User Tag List

First 1234 Last

Results 11 to 20 of 104

Thread: Faith vs. Logic

  1. #11
    desert pelican Owl's Avatar
    Join Date
    Feb 2008
    MBTI
    INTP
    Posts
    717

    Default

    Quote Originally Posted by Night View Post


    Probable is a dilemma of perspective. Possibility is the physical execution of the probable - in this, both are linked.

    Faith is unavoidably blind - to entertain a system of belief without empirical proof is to believe without falsifiable premise.

    Yet, to summarily dismiss because we lack empiricism is to miss the point of scientific enquiry altogether.


    Thus, faith is not a question of logic; faith is fundamentally alogical.
    What about the theorems of logic? They aren't falsifiable, but neither are they fundamentally alogical. What does it mean to say that one has faith in the theorems of logic?

    (oi, this is The Goof, btw--I'm in disguise)

  2. #12
    Boring old fossil Night's Avatar
    Join Date
    Nov 2007
    MBTI
    INTJ
    Enneagram
    5/8
    Socionics
    ENTp None
    Posts
    4,754

    Default

    Quote Originally Posted by Owl View Post
    What about the theorems of logic? They aren't falsifiable, but neither are they fundamentally alogical. What does it mean to say that one has faith in the theorems of logic?

    (oi, this is The Goof, btw--I'm in disguise)
    Brilliant!

    I was going to PM you on INTPc, but was confident in your eventual "migration".


    One cannot have "faith" in logic, as "faith" presupposes a lack of observable (data culled from empirical observation - as is the case with (I presume) your nod towards the theorems within logic - informal (linguistics); formal and symbolic (among others - even when dealing with the purely hypothetical (i.e., propositional calculus), we still ascribe to a pattern of event - a redundant, independently-verified data structure) variables as a substitution for the standard elements found within "logical" arenas (science; mathematics; etc.)).

    "Faith" in logic is an obfuscation in terminology.

  3. #13
    Boring old fossil Night's Avatar
    Join Date
    Nov 2007
    MBTI
    INTJ
    Enneagram
    5/8
    Socionics
    ENTp None
    Posts
    4,754

    Default

    Quote Originally Posted by CaptainChick View Post
    Yeah, he might be relatively, or even markedly, intelligent and physically attractive to boot, but he ain't no Einstein. (no offense Night)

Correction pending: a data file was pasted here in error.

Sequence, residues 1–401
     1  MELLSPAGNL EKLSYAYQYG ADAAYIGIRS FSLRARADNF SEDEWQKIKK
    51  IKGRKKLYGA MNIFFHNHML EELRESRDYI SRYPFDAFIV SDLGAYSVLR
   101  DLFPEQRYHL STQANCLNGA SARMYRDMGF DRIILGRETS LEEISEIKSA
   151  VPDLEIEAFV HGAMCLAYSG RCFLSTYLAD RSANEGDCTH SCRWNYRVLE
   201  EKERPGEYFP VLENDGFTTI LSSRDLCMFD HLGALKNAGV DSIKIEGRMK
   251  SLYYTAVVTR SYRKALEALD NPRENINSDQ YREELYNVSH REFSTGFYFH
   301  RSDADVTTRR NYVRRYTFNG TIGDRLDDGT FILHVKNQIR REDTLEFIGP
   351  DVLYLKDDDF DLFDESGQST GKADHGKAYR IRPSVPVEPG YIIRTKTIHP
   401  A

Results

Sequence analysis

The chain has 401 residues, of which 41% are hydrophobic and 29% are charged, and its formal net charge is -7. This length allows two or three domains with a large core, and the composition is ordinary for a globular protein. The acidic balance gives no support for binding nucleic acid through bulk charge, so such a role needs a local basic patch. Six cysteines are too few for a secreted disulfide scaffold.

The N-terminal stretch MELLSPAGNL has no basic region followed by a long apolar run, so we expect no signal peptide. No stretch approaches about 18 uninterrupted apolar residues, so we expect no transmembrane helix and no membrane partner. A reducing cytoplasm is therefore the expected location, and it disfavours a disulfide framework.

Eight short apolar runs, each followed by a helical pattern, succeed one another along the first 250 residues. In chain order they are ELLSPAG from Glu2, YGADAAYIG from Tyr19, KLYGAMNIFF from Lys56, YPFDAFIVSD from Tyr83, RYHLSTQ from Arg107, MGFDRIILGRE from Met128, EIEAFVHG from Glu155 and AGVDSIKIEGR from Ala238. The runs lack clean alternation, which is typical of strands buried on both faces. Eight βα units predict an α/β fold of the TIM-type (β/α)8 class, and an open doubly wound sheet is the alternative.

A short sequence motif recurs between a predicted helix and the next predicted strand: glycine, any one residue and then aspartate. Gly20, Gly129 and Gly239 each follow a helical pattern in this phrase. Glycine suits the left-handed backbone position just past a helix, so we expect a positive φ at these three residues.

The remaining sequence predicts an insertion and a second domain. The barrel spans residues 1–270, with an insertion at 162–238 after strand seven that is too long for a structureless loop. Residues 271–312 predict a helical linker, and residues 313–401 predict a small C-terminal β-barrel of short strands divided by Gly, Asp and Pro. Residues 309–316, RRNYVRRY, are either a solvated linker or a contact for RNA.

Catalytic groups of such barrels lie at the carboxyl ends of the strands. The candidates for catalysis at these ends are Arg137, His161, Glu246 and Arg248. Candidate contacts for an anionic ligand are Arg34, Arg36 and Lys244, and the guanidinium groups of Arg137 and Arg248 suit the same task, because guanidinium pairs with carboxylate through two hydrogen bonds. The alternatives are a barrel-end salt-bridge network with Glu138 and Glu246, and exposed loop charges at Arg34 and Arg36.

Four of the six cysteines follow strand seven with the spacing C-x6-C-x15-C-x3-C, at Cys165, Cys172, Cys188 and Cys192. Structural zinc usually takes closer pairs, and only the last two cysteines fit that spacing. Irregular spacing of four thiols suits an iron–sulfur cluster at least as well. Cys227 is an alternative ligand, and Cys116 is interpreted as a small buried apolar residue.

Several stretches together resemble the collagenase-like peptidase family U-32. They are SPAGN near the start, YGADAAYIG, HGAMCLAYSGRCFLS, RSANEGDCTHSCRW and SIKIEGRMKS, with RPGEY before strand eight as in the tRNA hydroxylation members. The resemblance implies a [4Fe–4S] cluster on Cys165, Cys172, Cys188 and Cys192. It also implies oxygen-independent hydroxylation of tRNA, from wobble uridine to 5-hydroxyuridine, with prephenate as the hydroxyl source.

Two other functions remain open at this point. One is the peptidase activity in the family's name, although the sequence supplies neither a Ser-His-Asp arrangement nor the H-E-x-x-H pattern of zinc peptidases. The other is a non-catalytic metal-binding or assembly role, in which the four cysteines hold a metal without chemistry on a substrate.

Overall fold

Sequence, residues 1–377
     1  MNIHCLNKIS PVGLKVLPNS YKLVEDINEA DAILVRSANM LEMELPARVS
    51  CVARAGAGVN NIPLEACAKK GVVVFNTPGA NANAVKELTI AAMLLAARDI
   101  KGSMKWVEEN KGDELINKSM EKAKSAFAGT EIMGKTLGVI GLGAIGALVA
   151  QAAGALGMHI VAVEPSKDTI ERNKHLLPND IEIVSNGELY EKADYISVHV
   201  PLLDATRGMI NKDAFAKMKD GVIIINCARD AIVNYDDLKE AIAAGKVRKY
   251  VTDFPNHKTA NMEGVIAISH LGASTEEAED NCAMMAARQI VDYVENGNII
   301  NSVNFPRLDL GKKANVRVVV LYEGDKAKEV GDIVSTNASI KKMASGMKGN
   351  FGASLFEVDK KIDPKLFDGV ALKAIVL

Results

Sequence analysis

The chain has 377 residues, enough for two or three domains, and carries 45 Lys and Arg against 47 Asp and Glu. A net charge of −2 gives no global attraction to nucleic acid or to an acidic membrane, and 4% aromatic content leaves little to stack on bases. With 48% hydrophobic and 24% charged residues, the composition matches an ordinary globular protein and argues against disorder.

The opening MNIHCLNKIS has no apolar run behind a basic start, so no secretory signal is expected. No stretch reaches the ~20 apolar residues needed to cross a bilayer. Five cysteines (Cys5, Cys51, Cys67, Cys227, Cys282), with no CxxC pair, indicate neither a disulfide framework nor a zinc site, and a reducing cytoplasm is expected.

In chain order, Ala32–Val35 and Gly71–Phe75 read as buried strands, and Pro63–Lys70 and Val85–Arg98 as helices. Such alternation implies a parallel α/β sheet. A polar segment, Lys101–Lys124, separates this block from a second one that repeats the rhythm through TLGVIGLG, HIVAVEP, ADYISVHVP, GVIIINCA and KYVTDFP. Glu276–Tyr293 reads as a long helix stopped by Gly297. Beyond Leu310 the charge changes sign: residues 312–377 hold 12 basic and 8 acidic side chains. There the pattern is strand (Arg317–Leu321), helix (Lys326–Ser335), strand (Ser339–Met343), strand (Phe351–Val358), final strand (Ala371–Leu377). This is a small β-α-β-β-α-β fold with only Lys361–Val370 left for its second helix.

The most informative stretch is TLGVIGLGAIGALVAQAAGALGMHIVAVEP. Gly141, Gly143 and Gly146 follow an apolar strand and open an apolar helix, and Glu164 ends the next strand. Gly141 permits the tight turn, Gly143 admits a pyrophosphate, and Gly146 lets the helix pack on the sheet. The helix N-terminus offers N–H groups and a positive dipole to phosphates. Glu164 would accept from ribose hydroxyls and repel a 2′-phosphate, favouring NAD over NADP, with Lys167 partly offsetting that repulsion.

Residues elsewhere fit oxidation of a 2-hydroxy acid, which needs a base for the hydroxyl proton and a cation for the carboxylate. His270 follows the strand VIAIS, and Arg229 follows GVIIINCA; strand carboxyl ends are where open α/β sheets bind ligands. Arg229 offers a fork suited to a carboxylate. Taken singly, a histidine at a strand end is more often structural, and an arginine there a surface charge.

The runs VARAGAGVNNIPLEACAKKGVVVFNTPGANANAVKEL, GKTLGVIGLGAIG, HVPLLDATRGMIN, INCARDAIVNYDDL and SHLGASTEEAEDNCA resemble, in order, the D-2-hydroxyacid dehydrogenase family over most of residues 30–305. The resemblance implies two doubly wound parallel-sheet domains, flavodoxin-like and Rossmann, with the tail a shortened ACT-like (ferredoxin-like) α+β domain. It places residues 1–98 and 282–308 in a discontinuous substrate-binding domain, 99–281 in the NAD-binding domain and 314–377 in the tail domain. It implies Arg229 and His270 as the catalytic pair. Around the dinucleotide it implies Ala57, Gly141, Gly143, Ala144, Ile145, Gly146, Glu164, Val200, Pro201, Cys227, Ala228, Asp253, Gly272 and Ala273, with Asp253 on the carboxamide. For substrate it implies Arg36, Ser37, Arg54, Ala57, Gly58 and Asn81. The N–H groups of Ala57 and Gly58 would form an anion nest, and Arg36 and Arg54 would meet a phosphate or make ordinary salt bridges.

I must've missed this remark before.

    No offense taken, CC. (I do have to update my resume now, though...)


    It doesn't surprise me that our expectations in thought differ; our thinking styles seem radically different.

  4. #14
    Senior Member nemo's Avatar
    Join Date
    Jan 2008
    MBTI
    NeTi
    Enneagram
    <3
    Socionics
    wtf
    Posts
    445

    Default

    Quote Originally Posted by Owl View Post
    What about the theorems of logic? They aren't falsifiable, but neither are they fundamentally alogical. What does it mean to say that one has faith in the theorems of logic?

    (oi, this is The Goof, btw--I'm in disguise)
    (Ok I wrote this, and realized it was one massive tangent that didn't address your question at all. But I'm going to post it anyway. That's just how I am.)

    This is an extremely interesting question in my perspective.

    A lot of people don't realize how arbitrarily systems of logic can be defined. Technically, you just make up rules when you move P's and Q's around and put => in between them. But what's weird is that only a few seem to be meaningful. What makes them meaningful? That's a slippery question.

    But it remains that if you come up with something like 4 = 5, you can prove anything. And I do mean anything.

    E.g: 4 = 5.

    Taking 3 from both sides gives 1 = 2.

    CC and I are two.

    However, 2 = 1. CC and I are one person.

    Hence I am CC!

    Another: Dinosaurs exist.

    I define 1 "nemo" of time to be 80 million years.

    4 = 5 => 0 = 1.

    The present is 0 nemos away in time. Thus, it is 1 nemo away. Dinosaurs existed 80 million years ago. Hence, dinosaurs exist now.